Multiple Sclerosis, MS, Velauf, Relapsing, RRMS, Primary Progressive, PPMS, Secondary Progressive, SPMS

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Multiple Sclerosis, MS, Velauf, Relapsing, RRMS, Primary Progressive, PPMS, Secondary Progressive, SPMS
Multiple Sclerosis, MS, Velauf, Relapsing, RRMS, Primary Progressive, PPMS, Secondary Progressive, SPMS
Video: Multiple Sclerosis, MS, Velauf, Relapsing, RRMS, Primary Progressive, PPMS, Secondary Progressive, SPMS
Video: Differences between Relapsing remitting MS and Progressive MS 2023, February

Multiple sclerosis: course

Multiple sclerosis is also known as the “disease with a thousand faces” because it is different and unpredictable for each person affected. This is mainly explained by the fact that each patient affects different parts of the central nervous system (brain and spinal cord) and the damage is different. With increasing duration of the disease, damage and scarring can occur in the brain and spinal cord. The nervous system can partially replace or compensate for this damage. Depending on the course, a distinction is made between relapsing and progressive (continuously progressing) forms of multiple sclerosis.


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  • How is the disease going?
  • Disease activity and disease progression

How is the disease going?

The underlying mechanisms change as the disease progresses:

  • Relapsing course: In the early phases of the disease, inflammatory cells migrate from the bloodstream into the central nervous system. It mainly occurs in the immediate vicinity of certain veins in the white matter - especially those that run towards the large, fluid-filled cavities (ventricles) of the brain - to focal inflammation and demyelinating (loss of the brain and spinal cord). As a result, damage to the nerve fibers occurs. In this phase the barrier function of the blood-brain barrier is disturbed.
  • Progressive course: As the disease progresses, the inflammatory cells also accumulate in the soft meninges that surround the brain and the spinal cord and in the CNS tissue. The inflammation in the CNS then seems to be decoupled from the rest of the immune system and can hardly be influenced, for example by drug therapies. This process is also called “compartmentalization” of the inflammatory reaction. De-marrowing is increasing in size, no longer showing typical focal delimitations and spreading into large parts of the brain or spinal cord. Nerve cell damage is becoming more and more important.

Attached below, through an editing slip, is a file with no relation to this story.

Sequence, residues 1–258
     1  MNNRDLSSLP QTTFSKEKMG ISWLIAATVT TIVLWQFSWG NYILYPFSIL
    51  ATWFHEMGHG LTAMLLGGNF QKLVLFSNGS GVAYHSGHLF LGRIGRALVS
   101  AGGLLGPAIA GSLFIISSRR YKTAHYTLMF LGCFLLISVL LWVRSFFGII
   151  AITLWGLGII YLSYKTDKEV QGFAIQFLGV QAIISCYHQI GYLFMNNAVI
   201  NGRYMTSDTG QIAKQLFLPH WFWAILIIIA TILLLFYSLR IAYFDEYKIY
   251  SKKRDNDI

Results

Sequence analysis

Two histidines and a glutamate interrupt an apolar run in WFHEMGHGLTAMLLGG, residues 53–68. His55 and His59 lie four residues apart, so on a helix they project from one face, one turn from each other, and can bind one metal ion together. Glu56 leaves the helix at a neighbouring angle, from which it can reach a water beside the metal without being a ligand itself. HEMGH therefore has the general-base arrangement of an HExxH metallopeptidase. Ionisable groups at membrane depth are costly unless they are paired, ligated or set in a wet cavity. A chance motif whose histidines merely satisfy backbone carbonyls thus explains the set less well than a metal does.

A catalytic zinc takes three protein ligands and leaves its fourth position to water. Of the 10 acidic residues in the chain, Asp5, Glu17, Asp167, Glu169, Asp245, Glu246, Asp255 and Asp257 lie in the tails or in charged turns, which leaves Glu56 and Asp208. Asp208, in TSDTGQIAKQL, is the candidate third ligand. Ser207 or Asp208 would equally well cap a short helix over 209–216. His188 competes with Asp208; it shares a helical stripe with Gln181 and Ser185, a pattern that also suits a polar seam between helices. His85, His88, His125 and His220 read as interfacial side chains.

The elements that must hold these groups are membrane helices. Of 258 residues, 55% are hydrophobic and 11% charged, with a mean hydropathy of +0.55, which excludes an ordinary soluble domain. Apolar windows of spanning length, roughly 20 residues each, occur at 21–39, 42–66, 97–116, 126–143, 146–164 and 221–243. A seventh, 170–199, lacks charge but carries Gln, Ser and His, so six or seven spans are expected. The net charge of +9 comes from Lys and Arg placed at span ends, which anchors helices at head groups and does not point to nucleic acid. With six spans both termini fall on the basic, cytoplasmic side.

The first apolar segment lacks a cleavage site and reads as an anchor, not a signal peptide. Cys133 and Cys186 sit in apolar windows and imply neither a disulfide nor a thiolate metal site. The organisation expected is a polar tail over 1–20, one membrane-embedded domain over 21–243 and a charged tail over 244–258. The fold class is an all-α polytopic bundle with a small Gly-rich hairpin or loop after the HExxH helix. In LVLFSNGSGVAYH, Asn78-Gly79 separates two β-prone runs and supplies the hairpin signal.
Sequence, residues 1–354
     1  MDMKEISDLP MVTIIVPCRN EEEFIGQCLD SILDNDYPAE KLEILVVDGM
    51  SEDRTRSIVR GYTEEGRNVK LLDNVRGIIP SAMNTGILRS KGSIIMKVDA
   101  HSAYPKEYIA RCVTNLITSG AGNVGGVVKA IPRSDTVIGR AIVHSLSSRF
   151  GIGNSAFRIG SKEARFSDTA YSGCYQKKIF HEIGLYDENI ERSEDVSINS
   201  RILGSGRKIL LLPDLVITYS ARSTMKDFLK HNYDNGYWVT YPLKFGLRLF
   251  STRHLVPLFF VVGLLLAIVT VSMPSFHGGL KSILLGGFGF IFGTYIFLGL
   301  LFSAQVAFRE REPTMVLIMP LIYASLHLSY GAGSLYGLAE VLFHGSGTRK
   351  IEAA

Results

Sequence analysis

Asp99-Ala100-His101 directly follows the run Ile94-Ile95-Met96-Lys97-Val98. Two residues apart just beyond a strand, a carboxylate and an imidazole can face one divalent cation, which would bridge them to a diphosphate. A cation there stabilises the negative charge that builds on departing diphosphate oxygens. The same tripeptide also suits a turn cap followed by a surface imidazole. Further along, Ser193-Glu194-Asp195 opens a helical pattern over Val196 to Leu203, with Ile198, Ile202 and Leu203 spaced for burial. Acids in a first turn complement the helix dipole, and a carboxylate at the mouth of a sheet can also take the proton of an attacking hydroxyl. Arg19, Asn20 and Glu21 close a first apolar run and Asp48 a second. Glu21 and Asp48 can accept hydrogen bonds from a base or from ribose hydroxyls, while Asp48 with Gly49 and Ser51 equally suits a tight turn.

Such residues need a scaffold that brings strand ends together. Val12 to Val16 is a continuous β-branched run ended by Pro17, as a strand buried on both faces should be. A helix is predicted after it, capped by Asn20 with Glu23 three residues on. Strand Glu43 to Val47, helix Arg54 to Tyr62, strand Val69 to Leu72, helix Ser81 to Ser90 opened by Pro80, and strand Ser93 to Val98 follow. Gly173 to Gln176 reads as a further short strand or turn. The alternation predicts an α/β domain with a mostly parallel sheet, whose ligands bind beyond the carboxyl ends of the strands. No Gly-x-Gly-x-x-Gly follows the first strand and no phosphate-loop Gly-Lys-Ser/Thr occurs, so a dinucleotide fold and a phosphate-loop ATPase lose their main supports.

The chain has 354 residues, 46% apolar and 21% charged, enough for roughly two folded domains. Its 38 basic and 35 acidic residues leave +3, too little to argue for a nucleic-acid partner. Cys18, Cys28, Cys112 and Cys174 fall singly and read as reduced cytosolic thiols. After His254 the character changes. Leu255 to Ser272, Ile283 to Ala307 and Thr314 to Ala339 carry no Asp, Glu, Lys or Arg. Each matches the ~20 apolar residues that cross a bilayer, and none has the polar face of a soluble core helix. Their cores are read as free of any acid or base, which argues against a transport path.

Shear-shaped course

In up to 90 percent of patients, the disease begins with an initial attack. This is also known as “clinically isolated syndrome” (CIS). The occurrence of increasing symptoms within hours to days is typical, which lasts for one to several weeks and then gradually disappears partially or completely. As a result - after months or even years - new foci of inflammation can trigger further attacks in a similar or different form. In these cases one speaks of a relapsing course of the disease.

Progressive course

  • Primarily chronically progressive course: In ten to 15 percent of those affected, the disease takes a chronic course from the start. The slow, continuous deterioration, very often for example paralysis of the legs, can temporarily stand still (“plateau phase”). There are also minor temporary improvements in symptoms. Flare-ups do not occur with this form.
  • Secondary chronic progressive course: After an initially relapsing course, the disease turns into a so-called secondary chronic course with gradual deterioration in over 50 percent of those affected after ten to 15 years. The percentage increases with the duration of the illness. During this phase of the disease, some MS sufferers may have additional (“attached”) relapses.

Disease activity and disease progression

When assessing the course of the disease, the level of disease activity is also taken into account. In the case of the relapsing form, this is decisive for the choice of long-term basic therapy. A highly active course is characterized by frequent, severe relapses or a rapidly increasing neurological deterioration due to inflammatory changes in the CNS. Inflammation-related changes in the brain and spinal cord can be detected using an MRI.

The increase in symptoms over the years is commonly called disease progression. It is either the result of an incomplete restoration of body functions after attacks of the disease or a slowly increasing deterioration. A good resolution of the symptoms is usually only possible at the beginning of the disease.

Note The so-called "radiologically isolated syndrome" (RIS) is a coincidental finding if an MRI of the brain or spinal cord is performed for another reason (eg because of pain) and the imaging unexpectedly reveals inflammatory foci. Neurological monitoring is advisable in these cases, as the clinical picture of MS will develop over the years in 30 to 45 percent of cases.

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